The USA has a wide mix of cultures and traditions that have naturally led to cuisines as diverse as the country's inhabitants. From spicy Mexican food to buttery, tomato-filled pasta, there's something for everyone.
New York is famous for its large population of Italian descendants. The result is a delicious variety of Italian food, with diners and restaurants aplenty selling what they claim is 'the best' pizza or pasta in the world. The city is also famous for its New York slice-pizza, a single slice of cheesy pizza for customers on the go.
At the other end of the country, many of the southern regions close to Mexico are heavily influenced by tantalising foods from South America, such as tacos, tortillas, and tequila.
America has a deep-rooted tradition with fast food, with many large international chains originating in the USA, such as McDonalds, Kentucky Fried Chicken (KFC), Burger King, and Dominos.
It's not all fast food though; you'll also find fine dining restaurants. Located in New York, Eleven is a three-star Michelin restaurant that won the coveted Best Restaurant in the World title in 2017.
Crime and safety in the USA largely depend on which state you're in. Crimes like theft are more common in densely populated areas such as New York, while drug abuse is higher in areas near California and Nevada.
The USA is also a target for terrorist attacks. US security forces are always on high alert to ensure safety within the country's borders.
Despite this, America is generally considered among the safer countries for tourists.
South Africans need a visitor visa to travel to the USA. You can apply for one online by visiting the website of the United States of America Embassy in South Africa.
Once you've received your USA Visa, you can travel to and around the USA in the following ways:
If you're visiting a densely populated city such as New York or Los Angeles, you can rely on the various cabs, Ubers, and public buses and trains that run across the city.
If you head out to less populated states such as Utah and Montana, you'll likely need a rental car. You can rent a car in the USA in any of the 50 states; either visit a car rental agency or book one online.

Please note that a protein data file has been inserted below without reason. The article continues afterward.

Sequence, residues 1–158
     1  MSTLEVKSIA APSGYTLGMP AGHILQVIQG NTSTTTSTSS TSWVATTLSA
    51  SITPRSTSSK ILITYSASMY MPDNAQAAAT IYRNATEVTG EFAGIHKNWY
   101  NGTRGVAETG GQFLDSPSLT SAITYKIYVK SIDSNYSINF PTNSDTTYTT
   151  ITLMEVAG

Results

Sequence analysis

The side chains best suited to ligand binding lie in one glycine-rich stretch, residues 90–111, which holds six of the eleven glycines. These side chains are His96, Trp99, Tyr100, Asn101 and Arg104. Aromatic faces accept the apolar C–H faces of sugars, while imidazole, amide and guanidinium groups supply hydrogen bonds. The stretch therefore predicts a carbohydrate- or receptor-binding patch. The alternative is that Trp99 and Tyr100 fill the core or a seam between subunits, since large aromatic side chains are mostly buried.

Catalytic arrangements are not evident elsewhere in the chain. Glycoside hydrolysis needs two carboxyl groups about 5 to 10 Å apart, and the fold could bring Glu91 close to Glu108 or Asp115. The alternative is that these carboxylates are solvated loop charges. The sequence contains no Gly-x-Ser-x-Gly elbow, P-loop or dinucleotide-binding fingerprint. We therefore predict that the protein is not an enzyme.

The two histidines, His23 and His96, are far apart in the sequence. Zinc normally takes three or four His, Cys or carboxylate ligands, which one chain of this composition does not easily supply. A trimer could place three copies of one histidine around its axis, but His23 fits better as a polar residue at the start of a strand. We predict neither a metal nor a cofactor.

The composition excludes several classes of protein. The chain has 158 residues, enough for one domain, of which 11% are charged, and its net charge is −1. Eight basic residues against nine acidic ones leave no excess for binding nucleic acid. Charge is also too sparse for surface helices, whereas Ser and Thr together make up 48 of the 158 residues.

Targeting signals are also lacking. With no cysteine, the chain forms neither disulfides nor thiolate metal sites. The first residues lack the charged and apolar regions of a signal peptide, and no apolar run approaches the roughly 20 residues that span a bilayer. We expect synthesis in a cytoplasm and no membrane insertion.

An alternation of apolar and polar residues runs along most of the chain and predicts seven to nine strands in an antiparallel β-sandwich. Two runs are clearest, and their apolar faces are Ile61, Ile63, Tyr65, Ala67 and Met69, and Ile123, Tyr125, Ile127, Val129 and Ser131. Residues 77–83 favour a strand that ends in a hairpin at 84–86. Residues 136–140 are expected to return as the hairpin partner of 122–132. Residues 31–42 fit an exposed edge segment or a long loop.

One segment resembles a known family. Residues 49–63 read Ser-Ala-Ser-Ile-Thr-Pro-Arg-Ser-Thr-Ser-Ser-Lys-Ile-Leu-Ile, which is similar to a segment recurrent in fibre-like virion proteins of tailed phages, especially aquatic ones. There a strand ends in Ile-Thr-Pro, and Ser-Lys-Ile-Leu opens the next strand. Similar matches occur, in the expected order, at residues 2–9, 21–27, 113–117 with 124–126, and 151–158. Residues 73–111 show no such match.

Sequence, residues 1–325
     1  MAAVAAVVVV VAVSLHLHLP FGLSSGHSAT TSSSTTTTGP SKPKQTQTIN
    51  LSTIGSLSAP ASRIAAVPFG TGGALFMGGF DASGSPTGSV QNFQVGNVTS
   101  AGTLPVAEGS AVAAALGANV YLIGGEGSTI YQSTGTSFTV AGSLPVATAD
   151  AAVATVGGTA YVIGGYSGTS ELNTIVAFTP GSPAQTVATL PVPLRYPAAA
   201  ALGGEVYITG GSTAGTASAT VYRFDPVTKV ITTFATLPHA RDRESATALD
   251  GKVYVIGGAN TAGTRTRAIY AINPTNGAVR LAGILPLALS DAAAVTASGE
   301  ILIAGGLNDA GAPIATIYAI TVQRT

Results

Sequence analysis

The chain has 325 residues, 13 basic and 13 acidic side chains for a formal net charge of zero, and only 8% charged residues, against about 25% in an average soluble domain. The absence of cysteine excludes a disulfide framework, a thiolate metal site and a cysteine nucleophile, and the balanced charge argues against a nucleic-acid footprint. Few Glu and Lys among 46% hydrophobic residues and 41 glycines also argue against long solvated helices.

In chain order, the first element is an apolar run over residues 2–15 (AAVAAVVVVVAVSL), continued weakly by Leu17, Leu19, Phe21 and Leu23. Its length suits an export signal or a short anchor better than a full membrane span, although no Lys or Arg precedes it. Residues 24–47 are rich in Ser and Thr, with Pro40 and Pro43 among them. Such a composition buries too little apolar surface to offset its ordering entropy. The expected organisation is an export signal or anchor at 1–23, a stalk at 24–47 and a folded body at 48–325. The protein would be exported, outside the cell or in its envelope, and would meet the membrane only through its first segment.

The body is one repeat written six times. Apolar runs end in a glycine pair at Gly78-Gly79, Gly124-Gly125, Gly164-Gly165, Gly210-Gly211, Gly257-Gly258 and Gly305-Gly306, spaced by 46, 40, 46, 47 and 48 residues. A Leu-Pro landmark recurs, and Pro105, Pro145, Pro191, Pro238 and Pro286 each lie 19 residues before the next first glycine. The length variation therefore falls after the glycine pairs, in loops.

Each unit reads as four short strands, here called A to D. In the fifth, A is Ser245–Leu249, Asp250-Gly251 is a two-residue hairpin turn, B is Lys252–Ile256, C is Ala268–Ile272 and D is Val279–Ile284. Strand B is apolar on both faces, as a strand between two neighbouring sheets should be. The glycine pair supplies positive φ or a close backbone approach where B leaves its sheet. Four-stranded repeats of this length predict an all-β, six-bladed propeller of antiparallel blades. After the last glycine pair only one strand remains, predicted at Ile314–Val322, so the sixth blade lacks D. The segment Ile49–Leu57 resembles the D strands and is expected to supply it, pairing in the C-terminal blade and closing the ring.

Cruise ships are highly popular in the USA, especially considering the large number of tourists who visit states like Hawaii and Florida.
New York also welcomes international cruisers into its large port, where visitors are greeted by the famous Statue of Liberty.
The United States of America has two of the busiest airports in the world and both are located in New York. Los Angeles International Airport (LAX) and John F. Kennedy International Airport also regularly feature in famous movies and TV series.
The USA is large; the country spreads across six time zones, so keep this in mind when you're planning your travels.
New York's subway network can be confusing at first, but apps like Google Maps can help guide you through the underground maze.
Most Americans speak English and many also speak or understand Spanish, due to the large population of Mexicans living in the USA.
Weather conditions can be harsh depending on when and where you visit, with various natural disasters having occurred throughout the country's history. Plan your American holiday around a time when the weather is less extreme in the states you're visiting.
International events occur frequently in many major cities such as New York and Los Angeles. This is good if your plans include attending such an event, but for those looking to avoid large crowds, keep an eye on the USA's events calendar before you go.